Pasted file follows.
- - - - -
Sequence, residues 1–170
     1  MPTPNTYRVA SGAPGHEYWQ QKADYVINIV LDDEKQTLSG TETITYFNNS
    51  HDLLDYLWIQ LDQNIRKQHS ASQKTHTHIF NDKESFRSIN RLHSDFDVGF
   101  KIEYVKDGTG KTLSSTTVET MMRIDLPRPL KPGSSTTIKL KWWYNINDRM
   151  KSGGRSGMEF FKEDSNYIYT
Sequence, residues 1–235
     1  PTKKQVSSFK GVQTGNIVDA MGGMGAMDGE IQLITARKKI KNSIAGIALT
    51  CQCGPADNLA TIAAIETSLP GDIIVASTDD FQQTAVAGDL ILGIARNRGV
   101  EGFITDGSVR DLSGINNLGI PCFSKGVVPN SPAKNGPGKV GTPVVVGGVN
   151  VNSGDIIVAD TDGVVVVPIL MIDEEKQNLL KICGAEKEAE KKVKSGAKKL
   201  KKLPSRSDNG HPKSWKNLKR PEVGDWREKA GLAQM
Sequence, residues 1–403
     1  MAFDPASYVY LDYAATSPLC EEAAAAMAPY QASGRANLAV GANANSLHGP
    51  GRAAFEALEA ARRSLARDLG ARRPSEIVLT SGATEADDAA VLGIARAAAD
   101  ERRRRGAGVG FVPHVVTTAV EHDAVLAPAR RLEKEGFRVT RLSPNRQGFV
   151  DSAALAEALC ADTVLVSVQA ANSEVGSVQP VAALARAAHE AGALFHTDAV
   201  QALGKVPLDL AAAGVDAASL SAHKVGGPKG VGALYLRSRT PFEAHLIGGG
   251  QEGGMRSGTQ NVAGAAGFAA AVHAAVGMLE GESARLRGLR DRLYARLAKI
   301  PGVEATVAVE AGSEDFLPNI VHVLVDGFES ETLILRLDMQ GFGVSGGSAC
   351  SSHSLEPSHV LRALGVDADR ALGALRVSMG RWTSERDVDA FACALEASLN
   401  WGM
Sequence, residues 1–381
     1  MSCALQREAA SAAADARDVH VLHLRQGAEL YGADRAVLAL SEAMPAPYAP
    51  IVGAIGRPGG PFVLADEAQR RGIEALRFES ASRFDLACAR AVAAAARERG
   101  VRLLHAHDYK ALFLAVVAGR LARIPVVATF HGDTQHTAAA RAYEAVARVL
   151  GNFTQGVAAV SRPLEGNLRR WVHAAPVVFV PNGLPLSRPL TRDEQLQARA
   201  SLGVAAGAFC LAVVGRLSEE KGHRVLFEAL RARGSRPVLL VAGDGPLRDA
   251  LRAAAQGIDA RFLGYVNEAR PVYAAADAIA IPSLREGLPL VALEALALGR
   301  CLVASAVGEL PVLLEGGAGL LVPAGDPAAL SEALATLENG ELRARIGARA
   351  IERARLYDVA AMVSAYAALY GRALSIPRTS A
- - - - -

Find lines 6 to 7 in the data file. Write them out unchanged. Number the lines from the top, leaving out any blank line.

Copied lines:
Sequence, residues 1–235
     1  PTKKQVSSFK GVQTGNIVDA MGGMGAMDGE IQLITARKKI KNSIAGIALT